- Sabine, George (1988) Historia de la teoría política, Madrid: FCE.
- Robert Beum, "Ultra-Royalism Revisited," Modern Age, Vol. XXXIX, No. 3, September 1997.
- Beasley, Edward (2010). The Victorian Reinvention of Race: New Racisms and the Problem of Grouping in the Human Sciences, Taylor & Francis.
- Biddiss, Michael D. (1970). Father of Racist Ideology: The Social and Political Thought of Count Gobineau, Weybright & Talley.
- Biddiss, Michael D. (1970). "Prophecy and Pragmatism: Gobineau's Confrontation with Tocqueville," The Historical Journal, Vol. 13, No. 4.
- Biddiss, Michael D. (1997). "History as Destiny: Gobineau, H. S. Chamberlain and Spengler," Transactions of the Royal Historical Society, Sixth Series, Vol. VII.
- Blue, Gregory (1999). "Gobineau on China: Race Theory, the 'Yellow Peril,' and the Critique of Modernity," Journal of World History, Vol. 10, No. 1.
- Dreher, Robert Edward (1970). Arthur de Gobineau, an Intellectual Portrait, University of Wisconsin.
- Fortier, Paul A. (1967). "Gobineau and German Racism," Comparative Literature, Vol. 19, No. 4.
- Gillouin, Rene (1921). "Mystical Race Theories," The Living Age, No. 4015.
- Grimes, Alan P. & Horwitz, Robert H. (1959). "Elitism: Racial Elitism." In Modern Political Ideologies, Vol. V, Oxford University Press.
- Haskins, Frank H. (1924). "Race as a Factor in Political Theory." In A History of Political Theories, Chap. XIII, The Macmillan Company.
- House, Roy Temple (1923). "Gobineau, Nietzsche, and Spiess," The Nation, April 11.
- Jackson, Thomas (2007). "Who Was the 'Father of Racism'?," American Renaissance, Vol. XVIII, No. 7.
- Kale, Steven (2010). "Gobineau, Racism, and Legitimism: A Royalist Heretic in Nineteenth-Century France," Modern Intellectual History, Volume 7, Issue 01.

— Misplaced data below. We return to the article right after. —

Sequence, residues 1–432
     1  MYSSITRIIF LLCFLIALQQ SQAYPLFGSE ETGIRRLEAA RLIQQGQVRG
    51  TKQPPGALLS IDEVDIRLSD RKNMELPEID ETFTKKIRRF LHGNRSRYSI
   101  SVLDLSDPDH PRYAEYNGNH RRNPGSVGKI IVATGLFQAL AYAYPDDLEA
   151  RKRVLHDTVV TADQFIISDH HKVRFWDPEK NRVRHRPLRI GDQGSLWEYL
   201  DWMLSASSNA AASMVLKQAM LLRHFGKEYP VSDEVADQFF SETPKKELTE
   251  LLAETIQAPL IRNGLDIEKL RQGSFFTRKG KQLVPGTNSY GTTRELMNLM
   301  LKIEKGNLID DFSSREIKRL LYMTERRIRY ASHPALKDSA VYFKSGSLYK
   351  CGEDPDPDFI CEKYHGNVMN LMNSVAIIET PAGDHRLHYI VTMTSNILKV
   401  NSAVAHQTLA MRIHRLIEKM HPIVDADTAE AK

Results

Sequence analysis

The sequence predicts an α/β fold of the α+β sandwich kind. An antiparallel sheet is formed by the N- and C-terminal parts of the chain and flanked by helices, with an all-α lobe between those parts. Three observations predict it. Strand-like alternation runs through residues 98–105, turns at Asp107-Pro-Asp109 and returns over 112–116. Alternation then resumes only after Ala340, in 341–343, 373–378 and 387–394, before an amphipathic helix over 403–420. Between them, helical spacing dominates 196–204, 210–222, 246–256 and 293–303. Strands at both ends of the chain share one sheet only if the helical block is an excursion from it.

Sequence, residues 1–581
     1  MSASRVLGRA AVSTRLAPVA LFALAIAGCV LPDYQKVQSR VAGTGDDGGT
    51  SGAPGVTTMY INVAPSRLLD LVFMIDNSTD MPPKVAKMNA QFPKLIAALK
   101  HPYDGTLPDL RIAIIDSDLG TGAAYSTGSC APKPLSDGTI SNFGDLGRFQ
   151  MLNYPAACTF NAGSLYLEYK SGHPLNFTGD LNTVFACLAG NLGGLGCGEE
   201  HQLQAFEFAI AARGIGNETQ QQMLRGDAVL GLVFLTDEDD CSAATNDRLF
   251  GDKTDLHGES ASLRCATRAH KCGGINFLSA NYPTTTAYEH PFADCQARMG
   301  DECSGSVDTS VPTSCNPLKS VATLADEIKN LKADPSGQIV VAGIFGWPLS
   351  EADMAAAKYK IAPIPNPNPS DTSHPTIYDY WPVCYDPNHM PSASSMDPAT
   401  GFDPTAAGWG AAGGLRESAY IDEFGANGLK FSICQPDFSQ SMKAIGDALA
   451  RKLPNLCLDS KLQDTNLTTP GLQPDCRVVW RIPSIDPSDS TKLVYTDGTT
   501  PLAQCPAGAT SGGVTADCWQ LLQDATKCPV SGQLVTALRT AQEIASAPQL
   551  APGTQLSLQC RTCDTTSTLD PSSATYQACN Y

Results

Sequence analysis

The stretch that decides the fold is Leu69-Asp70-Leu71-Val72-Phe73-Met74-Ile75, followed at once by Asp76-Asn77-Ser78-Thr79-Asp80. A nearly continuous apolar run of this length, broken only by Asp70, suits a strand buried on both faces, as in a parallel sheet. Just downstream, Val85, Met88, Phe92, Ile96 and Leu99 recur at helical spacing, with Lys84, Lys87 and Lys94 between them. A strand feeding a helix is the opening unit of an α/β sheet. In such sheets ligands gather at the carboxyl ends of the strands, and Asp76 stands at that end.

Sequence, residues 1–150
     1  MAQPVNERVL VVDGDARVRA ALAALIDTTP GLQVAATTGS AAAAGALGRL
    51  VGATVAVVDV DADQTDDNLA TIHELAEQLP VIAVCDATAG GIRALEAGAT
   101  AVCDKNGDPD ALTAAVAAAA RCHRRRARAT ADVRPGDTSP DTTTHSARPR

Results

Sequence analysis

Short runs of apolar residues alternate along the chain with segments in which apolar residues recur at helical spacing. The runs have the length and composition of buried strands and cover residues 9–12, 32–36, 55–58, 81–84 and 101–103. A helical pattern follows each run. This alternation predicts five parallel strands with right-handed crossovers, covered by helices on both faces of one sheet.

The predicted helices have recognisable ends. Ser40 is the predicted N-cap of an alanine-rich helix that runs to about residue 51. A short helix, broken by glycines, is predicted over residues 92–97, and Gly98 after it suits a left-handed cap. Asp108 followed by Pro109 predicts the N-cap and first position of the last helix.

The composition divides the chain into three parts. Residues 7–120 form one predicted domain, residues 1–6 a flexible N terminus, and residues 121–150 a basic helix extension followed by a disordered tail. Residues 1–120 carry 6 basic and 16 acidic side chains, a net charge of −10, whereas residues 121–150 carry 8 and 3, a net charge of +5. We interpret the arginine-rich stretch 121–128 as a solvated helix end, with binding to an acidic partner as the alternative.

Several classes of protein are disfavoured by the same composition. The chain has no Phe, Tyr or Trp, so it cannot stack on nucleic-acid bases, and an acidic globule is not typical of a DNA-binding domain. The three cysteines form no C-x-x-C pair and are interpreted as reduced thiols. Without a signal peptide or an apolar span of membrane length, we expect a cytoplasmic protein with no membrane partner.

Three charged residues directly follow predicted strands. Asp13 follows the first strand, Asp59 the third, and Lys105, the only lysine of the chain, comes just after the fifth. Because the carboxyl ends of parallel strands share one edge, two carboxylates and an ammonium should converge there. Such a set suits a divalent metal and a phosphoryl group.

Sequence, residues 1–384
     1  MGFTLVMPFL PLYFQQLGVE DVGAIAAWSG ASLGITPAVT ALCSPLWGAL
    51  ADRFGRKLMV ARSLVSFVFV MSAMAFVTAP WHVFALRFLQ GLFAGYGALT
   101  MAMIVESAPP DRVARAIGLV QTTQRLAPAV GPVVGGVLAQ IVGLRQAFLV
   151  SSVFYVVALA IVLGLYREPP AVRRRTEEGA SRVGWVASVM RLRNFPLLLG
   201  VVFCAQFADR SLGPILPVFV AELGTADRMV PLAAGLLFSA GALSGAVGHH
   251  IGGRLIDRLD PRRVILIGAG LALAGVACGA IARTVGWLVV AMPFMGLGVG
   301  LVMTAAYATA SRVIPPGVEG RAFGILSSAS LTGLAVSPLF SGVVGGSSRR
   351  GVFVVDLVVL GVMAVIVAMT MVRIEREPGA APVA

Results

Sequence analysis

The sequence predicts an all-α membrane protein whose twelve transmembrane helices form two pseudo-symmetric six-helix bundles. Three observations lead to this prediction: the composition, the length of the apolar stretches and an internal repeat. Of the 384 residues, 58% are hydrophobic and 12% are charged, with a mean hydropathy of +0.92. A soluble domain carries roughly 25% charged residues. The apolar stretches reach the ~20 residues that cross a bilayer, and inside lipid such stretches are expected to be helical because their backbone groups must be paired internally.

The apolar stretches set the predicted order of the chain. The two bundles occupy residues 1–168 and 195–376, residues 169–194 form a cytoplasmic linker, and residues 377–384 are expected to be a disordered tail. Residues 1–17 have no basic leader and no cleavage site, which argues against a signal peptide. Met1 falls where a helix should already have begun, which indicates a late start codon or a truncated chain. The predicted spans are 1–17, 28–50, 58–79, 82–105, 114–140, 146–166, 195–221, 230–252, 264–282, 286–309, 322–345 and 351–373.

- Montagu, M. F. Ashley (1945). "Origin of the 'Race' Concept." In Man's Most Dangerous Myth: The Fallacy of Race, Columbia University Press.
- Rahilly, A. J. (1916). "Race and Super-Race," The Dublin Review, Vol. CLIX.
- Rowbotham, Arnold H. (1929). The Literary Works of Count de Gobineau, H. Champion.
- Schemann, Ludwig (1979). Gobineau, Arno Press.
- Seillière, Ernest (1914). "The Life and Work of Count Arthur de Gobineau." In The German Doctrine of Conquest, Maunsel & Co.
- Sorokin, Pitirim A. (1928). "Anthropo-Racial, Selectionist, and Hereditarist School." In Contemporary Sociological Theories, Harper & Bros., 1928.
- Snyder, Louis L. (1939). "Count Arthur de Gobineau and the Crystallization of Nordicism." In Race: A History of Modern Ethnic Theories, Longmans, Green & Co.
- Spring, Gerald Max (1932). The Vitalism of Count de Gobineau, New York, [s.n.].
- Valette, Rebecca M. (1969). Arthur de Gobineau and the Short Story, University of North Carolina Press.
- Voegelin, Eric (1940). "The Growth of the Race Idea," The Review of Politics, Vol. 2, No. 3.
- Voegelin, Eric (1997). Race and State, University of Missouri Press.
In foreign languages
- Boissel, Jean (1993). Gobineau: Biographie. Mythes et Réalité, Berg International.
- Buenzod, Janine (1967). La Formation de le Pensée de Gobineau et l'Essai sur l'Inégalité des Races Humaines, Librairie A. G. Nizet.
- Devaux, Philippe (1937–38). "L'Aristotélisme et le Vitalisme de Gobineau," Revue Franco-belge, December/Janvier .
- Dreyfus, Robert (1905). La Vie et les Prophéties du Comte de Gobineau, Calmann-Lévy.
- Faÿ, Bernard (1930). Le Comte Arthur de Gobineau et la Grèce, H. Champion.
- Gahyva, Helga (2002). O Inimigo do Século - Um Estudo Sobre Arthur de Gobineau 1816-1882, IUPERJ.
- Kleinecke, Paul (1902). Gobineau's Rassenphilosophie, Haack.
- Lacretelle, Jacques de (1924). Quatre Études sur Gobineau, Á la Lampe d'Aladdin.
- Lange, Maurice (1924). Le Comte Arthur de Gobineau, Étude Biographique et Critique, Faculté de Lettres de Strasbourg.
- Raeders, George (1988). O Inimigo Cordial do Brasil: O Conde de Gobineau no Brasil, Paz & Terra.
- Riffaterre, Michael (1957). Le Style des Pléiades de Gobineau, E. Droz.
- Schemann, Ludwig (1913–16). Gobineau: eine Biographie, 2 Vol., K. J. Trübner.
- Schemann, Ludwig (1934). Gobineau und die Deutsche Kultur, B.G. Teubner.
- Smith, Annette (1984). Gobineau et l'Histoire Naturelle, E. Droz.
- Spiess, Camille (1917). Impérialismes; la Conception Gobinienne de la Race, E. Figuière & Cie.
- Thomas, Louis (1941). Arthur de Gobineau, Inventeur du Racisme (1816-1882), Mercure de France.
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|Wikisource has original works written by or about:
- Gobineau, Joseph Arthur de: Encyclopædia Iranica
- Joseph-Arthur (Comte de) Gobineau: UQAC
- Works by Arthur de Gobineau, at Internet Archive
- The Moral and Intellectual Diversity of Races